There has been an awful lot of rubbish talked about banking over the last few years, including the idea that banks should be split into the nice, solid, reliable "High Street banks" and evil, risk-taking, "casino" banks.
Except that the evidence simply doesn't bear out this analysis, as A Very British Dude points out very succinctly.
Nowhere did investment banking losses pull a retail bank down, or requrire one to take government bail-out money: let's look at the UK banking sector:
- Lloyds TSB: Safe, solvent, straighthforward Retail bank, until it was persuaded to buy HBoS by Economic Jonah, Gordon Brown.
- HBoS (Halifax, Bank of Scotland): mainly retail, Large Mortgage Business, which went belly-up and took Lloyds TSB with it too.
- Royal Bank of Scotland, very small investment bank, Largest UK retail operation, big Corporate loan book, whose purchase of ING ABN Amro strained its balance sheet to breaking point. It's failure was hubris, not Investment banking.
- HSBC: Universal Bank, large global retail and investment banking operations, now trading at the same shareprice it was before the crisis, and is still paying dividends.
- Barclays: Large UK retail bank, overseas operations, buccaneering and ambitious investment bank, who were raised funds from private investors and just managed to keep out of Government hands.
- Standard Chartered: International corporate and retail bank, mainly Asia and Africa - no problem at all.
- Northern Rock: Ex Building society turned Mortgage and Retail, bailed out by a Labour government because they couldn't bear to see anyone make money and wanted to save jobs in key marginals.
- Bradford & Bingley: See Northern Rock. Eventually bought by Spanish banking group, Santander.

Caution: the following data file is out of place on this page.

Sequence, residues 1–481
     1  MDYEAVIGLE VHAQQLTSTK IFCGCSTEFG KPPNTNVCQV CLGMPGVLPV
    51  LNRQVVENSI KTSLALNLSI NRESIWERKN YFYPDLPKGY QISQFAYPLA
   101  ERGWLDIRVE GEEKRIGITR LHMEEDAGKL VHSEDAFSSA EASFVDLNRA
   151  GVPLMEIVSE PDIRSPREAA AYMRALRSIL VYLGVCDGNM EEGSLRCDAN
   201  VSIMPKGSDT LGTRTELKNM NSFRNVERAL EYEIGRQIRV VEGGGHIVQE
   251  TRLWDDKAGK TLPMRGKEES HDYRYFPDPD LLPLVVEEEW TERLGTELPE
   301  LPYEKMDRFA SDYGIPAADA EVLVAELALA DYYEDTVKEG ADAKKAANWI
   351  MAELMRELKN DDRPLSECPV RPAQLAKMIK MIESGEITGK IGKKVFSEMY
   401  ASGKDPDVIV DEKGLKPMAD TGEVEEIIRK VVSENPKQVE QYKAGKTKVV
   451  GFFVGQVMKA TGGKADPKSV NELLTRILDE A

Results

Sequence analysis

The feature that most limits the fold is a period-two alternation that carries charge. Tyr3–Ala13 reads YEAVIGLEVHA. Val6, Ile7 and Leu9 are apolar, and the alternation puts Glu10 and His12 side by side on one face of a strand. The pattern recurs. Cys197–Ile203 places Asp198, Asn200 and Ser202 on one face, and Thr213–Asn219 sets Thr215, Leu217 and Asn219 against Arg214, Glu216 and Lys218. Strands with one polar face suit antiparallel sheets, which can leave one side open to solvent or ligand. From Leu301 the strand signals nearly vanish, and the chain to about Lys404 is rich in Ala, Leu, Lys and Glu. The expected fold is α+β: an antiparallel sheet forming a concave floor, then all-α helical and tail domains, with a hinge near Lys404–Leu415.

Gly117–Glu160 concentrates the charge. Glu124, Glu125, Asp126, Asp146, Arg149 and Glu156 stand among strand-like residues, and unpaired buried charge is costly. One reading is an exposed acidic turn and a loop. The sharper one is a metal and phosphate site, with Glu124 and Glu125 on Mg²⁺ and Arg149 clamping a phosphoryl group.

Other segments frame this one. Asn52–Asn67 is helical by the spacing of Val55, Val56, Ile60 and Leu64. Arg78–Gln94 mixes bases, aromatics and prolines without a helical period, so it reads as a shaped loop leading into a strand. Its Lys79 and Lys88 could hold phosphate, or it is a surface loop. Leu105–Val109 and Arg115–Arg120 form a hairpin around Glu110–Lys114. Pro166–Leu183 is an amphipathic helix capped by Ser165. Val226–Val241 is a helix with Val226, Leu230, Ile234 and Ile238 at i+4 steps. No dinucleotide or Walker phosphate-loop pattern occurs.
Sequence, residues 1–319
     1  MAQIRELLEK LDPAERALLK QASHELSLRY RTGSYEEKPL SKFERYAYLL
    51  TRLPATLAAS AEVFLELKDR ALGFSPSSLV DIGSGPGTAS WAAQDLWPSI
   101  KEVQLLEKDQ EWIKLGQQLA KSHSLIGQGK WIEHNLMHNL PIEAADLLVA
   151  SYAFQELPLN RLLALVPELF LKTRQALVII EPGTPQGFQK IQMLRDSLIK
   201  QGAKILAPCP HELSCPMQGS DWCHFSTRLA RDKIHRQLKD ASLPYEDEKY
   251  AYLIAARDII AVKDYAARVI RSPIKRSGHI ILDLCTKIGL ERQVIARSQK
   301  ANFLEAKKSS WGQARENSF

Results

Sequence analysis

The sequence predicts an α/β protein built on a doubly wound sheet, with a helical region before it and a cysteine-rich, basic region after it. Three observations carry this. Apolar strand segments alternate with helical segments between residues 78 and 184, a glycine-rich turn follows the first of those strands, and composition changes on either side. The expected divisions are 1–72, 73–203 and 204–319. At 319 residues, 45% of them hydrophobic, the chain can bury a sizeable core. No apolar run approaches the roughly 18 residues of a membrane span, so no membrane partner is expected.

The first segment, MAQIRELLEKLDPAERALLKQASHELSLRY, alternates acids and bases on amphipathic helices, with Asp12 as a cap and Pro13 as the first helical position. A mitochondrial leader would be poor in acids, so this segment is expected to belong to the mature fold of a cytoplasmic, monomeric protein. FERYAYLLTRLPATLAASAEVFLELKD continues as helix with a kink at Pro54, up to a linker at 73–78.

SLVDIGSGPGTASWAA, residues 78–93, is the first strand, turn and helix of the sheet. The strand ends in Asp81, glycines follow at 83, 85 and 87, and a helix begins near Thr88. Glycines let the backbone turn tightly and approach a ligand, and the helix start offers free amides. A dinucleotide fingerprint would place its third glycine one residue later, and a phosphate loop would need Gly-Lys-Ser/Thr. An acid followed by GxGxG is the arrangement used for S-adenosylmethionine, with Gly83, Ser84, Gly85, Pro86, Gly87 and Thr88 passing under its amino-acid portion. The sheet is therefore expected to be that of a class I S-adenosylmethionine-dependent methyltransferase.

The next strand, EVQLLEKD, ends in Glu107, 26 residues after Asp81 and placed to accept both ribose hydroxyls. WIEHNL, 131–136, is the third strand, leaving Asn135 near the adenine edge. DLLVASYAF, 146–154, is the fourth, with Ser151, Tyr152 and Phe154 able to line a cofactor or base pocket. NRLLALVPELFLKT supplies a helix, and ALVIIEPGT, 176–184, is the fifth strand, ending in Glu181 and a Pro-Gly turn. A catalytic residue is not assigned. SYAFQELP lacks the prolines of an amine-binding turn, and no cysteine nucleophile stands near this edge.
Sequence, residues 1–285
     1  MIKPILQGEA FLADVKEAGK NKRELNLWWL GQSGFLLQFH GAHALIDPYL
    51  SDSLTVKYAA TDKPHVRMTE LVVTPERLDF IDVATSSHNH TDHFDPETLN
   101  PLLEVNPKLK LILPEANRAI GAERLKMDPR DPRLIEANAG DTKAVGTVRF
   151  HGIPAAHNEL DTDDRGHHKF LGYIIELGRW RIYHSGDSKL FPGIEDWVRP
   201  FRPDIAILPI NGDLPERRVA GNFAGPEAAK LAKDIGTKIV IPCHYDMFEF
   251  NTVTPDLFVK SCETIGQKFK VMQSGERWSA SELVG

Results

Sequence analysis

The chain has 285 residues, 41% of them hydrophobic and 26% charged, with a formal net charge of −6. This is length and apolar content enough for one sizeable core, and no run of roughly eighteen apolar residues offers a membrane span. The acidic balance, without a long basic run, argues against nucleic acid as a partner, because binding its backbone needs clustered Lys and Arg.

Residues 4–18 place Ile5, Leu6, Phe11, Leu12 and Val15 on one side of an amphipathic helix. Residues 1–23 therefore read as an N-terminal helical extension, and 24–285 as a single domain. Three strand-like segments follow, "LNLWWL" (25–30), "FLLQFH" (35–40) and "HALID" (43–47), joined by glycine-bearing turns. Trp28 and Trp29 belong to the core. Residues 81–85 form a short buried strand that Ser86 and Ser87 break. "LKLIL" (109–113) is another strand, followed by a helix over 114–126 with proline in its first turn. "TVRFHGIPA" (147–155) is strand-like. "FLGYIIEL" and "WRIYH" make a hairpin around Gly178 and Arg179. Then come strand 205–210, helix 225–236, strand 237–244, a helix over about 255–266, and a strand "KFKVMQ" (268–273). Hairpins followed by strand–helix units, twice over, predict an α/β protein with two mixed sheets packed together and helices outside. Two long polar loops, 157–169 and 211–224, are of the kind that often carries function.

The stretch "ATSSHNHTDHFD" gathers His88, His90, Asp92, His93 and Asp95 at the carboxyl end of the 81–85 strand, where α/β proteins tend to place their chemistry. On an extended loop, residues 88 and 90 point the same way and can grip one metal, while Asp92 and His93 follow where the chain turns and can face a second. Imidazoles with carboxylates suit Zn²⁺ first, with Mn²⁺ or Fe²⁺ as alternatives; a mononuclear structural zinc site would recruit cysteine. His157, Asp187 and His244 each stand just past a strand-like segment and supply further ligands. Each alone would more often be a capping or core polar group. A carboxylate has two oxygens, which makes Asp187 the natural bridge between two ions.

Let's look at the evidence: Of the two "universal banks" listed in the UK, neither had to touch the UK taxpayer for money. HSBC was able to cope with the crash on it's own resources and Barclays was able to use its contacts from the investment bank to touch sovereign wealth investors, who have now been paid back. The banks which had got into trouble were either Mortgage banks without a large retail business from which the Mortgages were funded: Northern Rock and Bradford and Bingley, or they were banks who sailed close to the minimum Capital adequacy ratio like Royal Bank of Scotland. Or, like HBoS, Both.
So, the conventional wisdom simply isn't on the money.
However, that doesn't mean that there are not problems with the banking industry—there are. And one of the most fundamental wrongs is the fact that once you put your money in a bank, it no longer belongs to you.
The Cobden Centre outlines the background.
The key case is Carr v Carr 1811 (reported in Merivale (541 n) 1815 – 17). A testator in making his bequest said “whatever debts might be due to him…at the time of his death”, the key question in this case being whether “a cash balance due to him on his banker’s account” passed by this bequest. The Master of the Rolls, Sir William Grant held that it did. He reasoned that it was not a depositum; a sealed bag of money could be, but this generally deposited money could not possibly have an ‘earmark’. Grant concluded on this point, “when money is paid into a banker’s, he always opens a debtor and creditor account with the payor. The banker employs the money himself, and is liable merely to answer the drafts of his customers to that amount.” For the legal scholars among you, Vaisey v Reynolds 1828 and Parker v Merchant 1843 both affirmed this position.
In Davaynes v Noble 1816 it was argued in front of Grant that a banker is a bailee rather than a debtor. Rejecting that argument, Grant said “money paid into a banker’s becomes immediately a part of his general assets; and he is merely a debtor for the amount.”